Only campaign operatives know how many official targeted ads were generated this cycle, but I feel safe in guessing it was exponentially more than 2016.
I’m a design nerd, so I take logo choices too seriously. And I thought both 2020 campaigns’ logos were incredibly boring. I remember seeing Trump’s logo for the first time in 2016 and thinking it barely looked like a watermark. I remember seeing Biden’s logo for the first time during the primaries and laughing about how nondescript it was. But the joke is on me because these utilitarian brands got the job done.
Typically, brands want a logo to convey their personality and message. It’s a mistake to look at Biden and Trump’s respective logos through that lens. While both logos imbue a sense of strength and patriotism, they are exceedingly recognizable and legible.
Think of all of the different formats and contexts for a campaign logo. Campaign logos have to look good on yard signs, social media posts, busses, email signatures, t-shirts…. The list goes on and on. Over the past decade, it seems as though presidential campaigns are veering toward a single, simple logo lockup that can look good everywhere.
Think about how much praise the Obama 2008 rising sun logo received. It was full of meaning and detail. Over time, that sun logo was flattened down to its main shapes and colors in order to look great on digital platforms. But the Obama 2012 campaign continued to work with an expansive design language allowing its identity to adapt to new fonts, colors and shapes for different constituencies. For example, Latinos for Obama had an entire sub-brand that looked similar but different to the sub-brand of LGBT for Obama.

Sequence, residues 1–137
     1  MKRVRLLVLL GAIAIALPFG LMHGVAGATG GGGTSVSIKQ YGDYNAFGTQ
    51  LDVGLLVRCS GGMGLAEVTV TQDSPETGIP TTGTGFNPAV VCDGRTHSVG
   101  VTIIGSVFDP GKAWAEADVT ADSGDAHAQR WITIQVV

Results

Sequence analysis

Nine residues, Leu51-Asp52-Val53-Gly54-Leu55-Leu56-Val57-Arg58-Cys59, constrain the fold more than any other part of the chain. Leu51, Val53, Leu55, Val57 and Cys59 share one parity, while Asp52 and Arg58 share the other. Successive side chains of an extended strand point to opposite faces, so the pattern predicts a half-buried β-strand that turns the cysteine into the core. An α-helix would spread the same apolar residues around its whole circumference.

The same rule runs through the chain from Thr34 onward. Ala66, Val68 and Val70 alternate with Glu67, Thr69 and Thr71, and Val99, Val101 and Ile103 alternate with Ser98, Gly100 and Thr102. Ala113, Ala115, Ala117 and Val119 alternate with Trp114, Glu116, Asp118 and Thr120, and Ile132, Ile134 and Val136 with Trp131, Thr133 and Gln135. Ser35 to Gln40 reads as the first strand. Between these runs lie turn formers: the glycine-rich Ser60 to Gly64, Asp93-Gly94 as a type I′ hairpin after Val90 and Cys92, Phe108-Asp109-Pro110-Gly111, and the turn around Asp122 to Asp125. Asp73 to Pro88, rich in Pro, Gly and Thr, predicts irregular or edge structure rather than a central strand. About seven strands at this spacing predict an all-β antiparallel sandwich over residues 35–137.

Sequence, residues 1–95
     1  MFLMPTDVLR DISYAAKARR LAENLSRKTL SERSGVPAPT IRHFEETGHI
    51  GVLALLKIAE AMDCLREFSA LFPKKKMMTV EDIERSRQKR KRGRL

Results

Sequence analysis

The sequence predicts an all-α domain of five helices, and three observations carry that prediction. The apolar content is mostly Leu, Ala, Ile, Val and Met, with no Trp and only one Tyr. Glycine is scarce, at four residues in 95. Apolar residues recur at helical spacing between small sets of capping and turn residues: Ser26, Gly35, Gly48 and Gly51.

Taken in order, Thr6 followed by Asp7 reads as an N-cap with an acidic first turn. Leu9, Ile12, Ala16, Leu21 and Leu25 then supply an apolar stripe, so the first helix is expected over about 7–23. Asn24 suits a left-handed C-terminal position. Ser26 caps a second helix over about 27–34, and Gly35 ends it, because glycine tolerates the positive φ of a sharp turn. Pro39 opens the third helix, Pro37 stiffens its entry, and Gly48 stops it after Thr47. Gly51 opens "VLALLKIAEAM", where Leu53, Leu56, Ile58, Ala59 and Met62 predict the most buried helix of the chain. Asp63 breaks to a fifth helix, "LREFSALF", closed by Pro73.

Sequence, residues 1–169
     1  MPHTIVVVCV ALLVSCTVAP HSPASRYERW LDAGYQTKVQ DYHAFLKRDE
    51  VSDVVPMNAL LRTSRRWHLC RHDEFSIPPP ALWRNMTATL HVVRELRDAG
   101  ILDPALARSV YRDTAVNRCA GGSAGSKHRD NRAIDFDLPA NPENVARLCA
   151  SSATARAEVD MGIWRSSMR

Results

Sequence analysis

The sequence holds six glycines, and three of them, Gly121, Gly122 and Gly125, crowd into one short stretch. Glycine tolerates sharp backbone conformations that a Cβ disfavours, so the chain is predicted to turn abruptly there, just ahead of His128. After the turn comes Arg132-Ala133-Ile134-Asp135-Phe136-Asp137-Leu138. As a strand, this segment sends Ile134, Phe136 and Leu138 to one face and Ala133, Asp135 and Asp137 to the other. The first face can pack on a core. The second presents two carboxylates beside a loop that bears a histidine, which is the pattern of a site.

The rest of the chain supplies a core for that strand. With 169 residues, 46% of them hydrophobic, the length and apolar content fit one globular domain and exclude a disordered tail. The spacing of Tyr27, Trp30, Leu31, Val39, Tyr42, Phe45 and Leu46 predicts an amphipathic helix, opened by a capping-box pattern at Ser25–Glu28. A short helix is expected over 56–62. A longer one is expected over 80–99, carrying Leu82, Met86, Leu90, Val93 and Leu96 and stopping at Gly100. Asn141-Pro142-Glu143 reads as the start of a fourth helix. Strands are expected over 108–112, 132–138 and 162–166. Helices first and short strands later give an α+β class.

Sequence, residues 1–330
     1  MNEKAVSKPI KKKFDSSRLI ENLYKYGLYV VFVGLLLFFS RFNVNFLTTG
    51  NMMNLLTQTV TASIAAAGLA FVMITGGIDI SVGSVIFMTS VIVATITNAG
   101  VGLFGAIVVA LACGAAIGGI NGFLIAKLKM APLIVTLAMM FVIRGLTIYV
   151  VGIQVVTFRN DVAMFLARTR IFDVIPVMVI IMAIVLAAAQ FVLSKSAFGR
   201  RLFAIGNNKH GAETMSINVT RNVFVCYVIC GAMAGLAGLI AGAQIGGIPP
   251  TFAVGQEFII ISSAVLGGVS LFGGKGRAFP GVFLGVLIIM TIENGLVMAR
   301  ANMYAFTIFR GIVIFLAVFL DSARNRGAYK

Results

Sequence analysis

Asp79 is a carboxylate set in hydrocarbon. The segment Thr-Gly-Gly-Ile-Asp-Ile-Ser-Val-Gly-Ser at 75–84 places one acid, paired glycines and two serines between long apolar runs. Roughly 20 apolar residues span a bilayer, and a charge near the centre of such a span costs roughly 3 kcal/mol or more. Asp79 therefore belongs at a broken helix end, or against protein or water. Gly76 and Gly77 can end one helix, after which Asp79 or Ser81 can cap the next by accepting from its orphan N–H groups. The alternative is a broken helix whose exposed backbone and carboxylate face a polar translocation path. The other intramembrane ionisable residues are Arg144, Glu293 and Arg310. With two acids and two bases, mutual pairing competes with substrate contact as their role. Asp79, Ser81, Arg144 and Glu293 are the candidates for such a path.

Hillary’s 2016 campaign took this direction to an interesting midpoint by featuring a highly recognizable but adaptable H logo. The H could be filled with photos and colors to recognize constituencies and holidays as needed. The H was recognizable in all contexts, but allowed some room for fun and personalization. Each battleground state had their own H filled with a famous local landmark.
Both Biden and Trump’s design teams stripped away most of the hallmarks of a design system down to the essentials: a single logo treatment, a few colors and a font or two. There were no battleground state logos. From the outside, I couldn’t recognize anything complex enough to be called a brand architecture. [Notable exceptions: One time they changed the Biden logo for Pride. Women for Trump is pink.]
And I think it worked fine. The K.I.S.S. principle (Keep It Simple, Stupid) ensured supreme brand consistency. While campaign materials might have lacked enough branding to be recognizable without a logo, you can be sure everything had a logo. The same logo. The campaign logo.
Did you notice any tactical changes this campaign cycle? Curious about how some of the 2020 tools could be adapted for a smaller organization? Team Tunheim loves to talk about digital marketing! Get in touch.
Read Part Two of this series, which focuses on the digital marketing tactics of video content, emails and texting.